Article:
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hi there! I’ve been playing with with SCI recently in my small ClojureScript toy project (a kind of a computational notebook) and it was exactly what I needed and super easy to integrate. Really impressive work! 😍 It made me wonder: would the current design of SCI allow for passing bindings that execute asynchronously, but appear synchronous (blocking) to the caller? E.g., a program like (do (sleep 2000) (js/alert "Here")) . This is, of course, trivial in Clojure where one can dereference a future (or use the <!! macro in core.async), but it could be possible in ClojureScript if SCI could interrupt on certain bindings, returning control to the caller and providing a continuation. Does this make sense? I’d love a synchronous scripting language that runs in a browser. (I’m more familiar with Clojure than ClojureScript so maybe there’s already a way to achieve this somehow via creative use of core.async or native promises). Any pointers would be welcome 🙏


@chistyakov.artem I think @mauricio.szabo has done something similar in his #chlorine-clover project where he implemented a kind of let macro that accepts promises as bindings. Maybe he could tell you more.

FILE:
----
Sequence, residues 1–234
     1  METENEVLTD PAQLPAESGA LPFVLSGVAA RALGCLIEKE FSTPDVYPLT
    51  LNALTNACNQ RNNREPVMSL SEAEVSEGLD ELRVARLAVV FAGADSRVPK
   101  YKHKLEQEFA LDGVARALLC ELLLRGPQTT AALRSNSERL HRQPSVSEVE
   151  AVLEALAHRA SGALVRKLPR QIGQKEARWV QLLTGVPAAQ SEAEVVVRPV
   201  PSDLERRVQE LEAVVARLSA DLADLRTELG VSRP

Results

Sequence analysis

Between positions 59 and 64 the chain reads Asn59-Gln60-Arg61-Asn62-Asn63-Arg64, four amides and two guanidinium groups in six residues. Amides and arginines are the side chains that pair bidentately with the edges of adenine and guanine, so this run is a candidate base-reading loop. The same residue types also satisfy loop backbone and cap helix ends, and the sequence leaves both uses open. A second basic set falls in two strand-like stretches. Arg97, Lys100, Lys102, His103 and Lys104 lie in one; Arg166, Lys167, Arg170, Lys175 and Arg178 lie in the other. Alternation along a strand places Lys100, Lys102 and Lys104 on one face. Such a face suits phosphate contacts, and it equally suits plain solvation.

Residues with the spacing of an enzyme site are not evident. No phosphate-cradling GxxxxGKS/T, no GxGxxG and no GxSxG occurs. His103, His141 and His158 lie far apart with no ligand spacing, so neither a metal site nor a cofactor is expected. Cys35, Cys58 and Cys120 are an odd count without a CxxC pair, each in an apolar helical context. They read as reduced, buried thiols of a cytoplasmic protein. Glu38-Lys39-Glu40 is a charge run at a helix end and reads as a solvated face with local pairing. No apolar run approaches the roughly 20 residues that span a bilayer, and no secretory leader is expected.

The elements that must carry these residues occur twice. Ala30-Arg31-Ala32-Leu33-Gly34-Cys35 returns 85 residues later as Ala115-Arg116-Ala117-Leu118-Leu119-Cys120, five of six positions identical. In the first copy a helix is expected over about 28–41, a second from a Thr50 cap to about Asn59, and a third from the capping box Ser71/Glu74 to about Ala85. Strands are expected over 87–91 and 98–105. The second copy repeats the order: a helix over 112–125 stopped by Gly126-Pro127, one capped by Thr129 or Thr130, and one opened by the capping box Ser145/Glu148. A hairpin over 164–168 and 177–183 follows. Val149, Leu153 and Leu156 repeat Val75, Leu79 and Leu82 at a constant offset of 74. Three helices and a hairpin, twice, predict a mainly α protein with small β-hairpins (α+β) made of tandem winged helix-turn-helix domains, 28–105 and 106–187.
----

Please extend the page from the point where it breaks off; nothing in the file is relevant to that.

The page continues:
@chistyakov.artem I extracted a working example here: It doesn't even use the promesa library, it's just pure promises.


oh wow, thank you so much @borkdude! I’ll look into this more tonight. The gist you shared is much better than what I have right now. I guess, your answer also implies that currently there’s no way to “abstract the async away” from the user like in my original sleep/alert example, is that correct? I realize it might be out of scope for SCI, but it’s one of those things that seem possible in abstract 🙂


Sci doesn't have anything for this at the moment

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Yeah, what I did was to simulate the p/let from promesa into SCI. I was thinking if it should be possible to eval form by form and, if one return promises, await for it to resolve. This would remove the need for the let binding for SCI too 🙂


reminds me of a thing I’ve promised you @borkdude


@mkvlr No worries, it's not a trivial problem to achieve a solution for ;)